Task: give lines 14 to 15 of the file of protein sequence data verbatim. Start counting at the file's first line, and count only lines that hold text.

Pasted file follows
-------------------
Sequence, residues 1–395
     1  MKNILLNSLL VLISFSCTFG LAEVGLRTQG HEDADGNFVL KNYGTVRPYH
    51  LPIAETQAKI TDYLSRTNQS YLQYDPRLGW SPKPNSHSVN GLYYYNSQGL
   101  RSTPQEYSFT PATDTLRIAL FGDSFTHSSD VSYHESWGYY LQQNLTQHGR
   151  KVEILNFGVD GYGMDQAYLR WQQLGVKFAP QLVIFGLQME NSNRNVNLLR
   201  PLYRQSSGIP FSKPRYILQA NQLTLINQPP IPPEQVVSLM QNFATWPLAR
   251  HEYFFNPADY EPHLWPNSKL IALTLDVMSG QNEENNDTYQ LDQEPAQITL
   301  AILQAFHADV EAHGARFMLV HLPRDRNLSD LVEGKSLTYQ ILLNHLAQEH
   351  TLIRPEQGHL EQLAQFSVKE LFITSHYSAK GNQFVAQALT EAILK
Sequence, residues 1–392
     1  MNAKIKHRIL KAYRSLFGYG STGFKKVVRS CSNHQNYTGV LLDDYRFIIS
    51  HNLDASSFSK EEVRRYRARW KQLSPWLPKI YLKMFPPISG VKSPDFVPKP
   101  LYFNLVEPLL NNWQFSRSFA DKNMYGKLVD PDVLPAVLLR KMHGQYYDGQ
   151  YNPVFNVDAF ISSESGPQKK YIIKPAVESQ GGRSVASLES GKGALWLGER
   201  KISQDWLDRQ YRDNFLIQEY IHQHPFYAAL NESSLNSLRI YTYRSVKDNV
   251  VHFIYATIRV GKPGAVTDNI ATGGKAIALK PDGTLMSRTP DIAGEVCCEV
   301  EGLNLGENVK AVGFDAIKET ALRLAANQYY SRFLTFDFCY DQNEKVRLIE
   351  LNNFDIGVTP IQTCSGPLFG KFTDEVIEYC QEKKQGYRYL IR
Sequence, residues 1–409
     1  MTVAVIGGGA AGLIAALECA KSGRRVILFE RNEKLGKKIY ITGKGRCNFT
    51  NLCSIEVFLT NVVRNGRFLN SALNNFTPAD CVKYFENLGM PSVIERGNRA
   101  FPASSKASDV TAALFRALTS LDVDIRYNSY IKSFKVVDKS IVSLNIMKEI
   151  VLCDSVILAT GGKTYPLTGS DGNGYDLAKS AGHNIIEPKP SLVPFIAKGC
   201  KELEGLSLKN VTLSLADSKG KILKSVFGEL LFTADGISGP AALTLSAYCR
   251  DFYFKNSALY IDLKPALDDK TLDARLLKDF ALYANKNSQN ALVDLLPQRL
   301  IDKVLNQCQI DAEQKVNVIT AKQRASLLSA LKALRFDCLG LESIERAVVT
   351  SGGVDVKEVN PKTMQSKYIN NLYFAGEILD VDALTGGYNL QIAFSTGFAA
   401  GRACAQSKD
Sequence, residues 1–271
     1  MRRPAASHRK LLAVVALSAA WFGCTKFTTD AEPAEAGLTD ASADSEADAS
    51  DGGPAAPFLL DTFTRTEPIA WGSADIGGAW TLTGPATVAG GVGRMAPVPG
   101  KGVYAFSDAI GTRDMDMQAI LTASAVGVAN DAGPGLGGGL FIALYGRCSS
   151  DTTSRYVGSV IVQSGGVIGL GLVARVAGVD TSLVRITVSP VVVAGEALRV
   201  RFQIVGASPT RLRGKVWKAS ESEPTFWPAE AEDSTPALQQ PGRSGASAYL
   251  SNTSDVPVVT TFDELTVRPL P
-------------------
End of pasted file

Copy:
   151  YNPVFNVDAF ISSESGPQKK YIIKPAVESQ GGRSVASLES GKGALWLGER
   201  KISQDWLDRQ YRDNFLIQEY IHQHPFYAAL NESSLNSLRI YTYRSVKDNV